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The Stack Archive

Most UK data centres will not be fit for purpose within five years

Thu 4 Sep 2014

According to MigSolv, nearly 80% of the UK’s data centres will become unsuitable in just five years time.

Alex Rabbetts, CEO MigSolv told The Stack, “Much of today’s stock is in need of a major re-fit or refurbishment. While larger data centre players are better equipped to cope with ageing-facilities, others simply don’t have the capacity to be able to carry out a re-fit without major disruption to service. Not nearly enough up-to-date space will be ready to meet a demand driven by the corporate shift to cloud computing.”

Rabbetts continued, “The plant infrastructure of these earlier units is, at best, exhausted. Data centres that are 10-15 years old are ready for major plant replacement, but there is a problem. A supposedly ‘Tier 3’-rated data centre will have N+1 CRAC, (Computer Room Air Conditioning), units but they probably share a single pipework system, and N+1 UPS, (Uninterruptible Power Supplies), that probably share a common bus bar system. The infrastructure, which was never what it was claimed to be, is in need of replacement and the resultant downtime. With current occupancy levels at near maximum at some of these facilities, how can they carry out the urgent works that are necessary? With the expected delays, what kind of impact will this have on businesses?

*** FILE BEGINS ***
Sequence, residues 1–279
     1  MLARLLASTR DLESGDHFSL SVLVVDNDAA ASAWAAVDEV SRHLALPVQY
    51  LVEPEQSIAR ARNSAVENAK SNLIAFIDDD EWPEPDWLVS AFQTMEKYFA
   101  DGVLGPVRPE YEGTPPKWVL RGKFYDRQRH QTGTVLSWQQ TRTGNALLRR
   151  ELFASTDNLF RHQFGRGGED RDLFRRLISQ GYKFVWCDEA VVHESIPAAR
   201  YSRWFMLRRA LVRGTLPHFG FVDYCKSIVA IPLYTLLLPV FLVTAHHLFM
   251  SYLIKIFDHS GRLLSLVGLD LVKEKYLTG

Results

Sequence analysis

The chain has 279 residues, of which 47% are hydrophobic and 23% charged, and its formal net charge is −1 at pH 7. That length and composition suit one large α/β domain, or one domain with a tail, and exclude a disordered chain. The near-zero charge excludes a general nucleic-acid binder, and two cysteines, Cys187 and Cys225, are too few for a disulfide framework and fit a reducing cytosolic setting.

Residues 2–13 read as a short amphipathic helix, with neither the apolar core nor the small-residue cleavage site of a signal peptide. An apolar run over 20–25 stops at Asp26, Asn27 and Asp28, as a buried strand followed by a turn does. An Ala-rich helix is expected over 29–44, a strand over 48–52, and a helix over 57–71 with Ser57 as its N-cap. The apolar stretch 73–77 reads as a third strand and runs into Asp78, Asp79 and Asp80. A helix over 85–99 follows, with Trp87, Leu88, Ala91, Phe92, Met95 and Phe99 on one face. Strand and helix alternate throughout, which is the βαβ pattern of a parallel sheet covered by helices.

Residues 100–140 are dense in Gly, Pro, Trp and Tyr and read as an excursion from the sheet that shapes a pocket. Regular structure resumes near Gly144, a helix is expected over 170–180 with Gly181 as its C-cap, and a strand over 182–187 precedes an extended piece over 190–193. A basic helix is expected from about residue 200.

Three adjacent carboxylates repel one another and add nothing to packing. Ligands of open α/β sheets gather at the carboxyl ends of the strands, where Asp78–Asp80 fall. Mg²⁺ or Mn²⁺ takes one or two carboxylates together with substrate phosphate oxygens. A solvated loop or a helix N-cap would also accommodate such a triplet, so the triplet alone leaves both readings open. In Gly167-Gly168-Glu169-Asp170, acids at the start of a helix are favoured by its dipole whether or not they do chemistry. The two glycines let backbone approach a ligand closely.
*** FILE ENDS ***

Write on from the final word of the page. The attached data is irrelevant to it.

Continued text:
Steve Wallage, managing director, BroadGroup Consulting, added: “It is a complex area. You will hear vendors claim that a data centre built, even a year ago is already obsolete. Others will argue that the move to cloud will render most existing data centres obsolete within the next several years. The reality has been that many data centres have lasted far longer than expected. A European co-location provider recently asked customers if it should mothball a facility built in the early 1990s, only to be told that these customers were very happy at the current site.”

Clearly no data centre provider will ever admit to running a sub-standard facility but the reality is many have been failing in recent times and it is going to get worse. Rabbetts concluded: “The fear of major outages, as well the need to be always on, will mean data centre providers are going to need to be ever more resourceful and versatile.”

By John Hatcher
Editor

Data Centre Management

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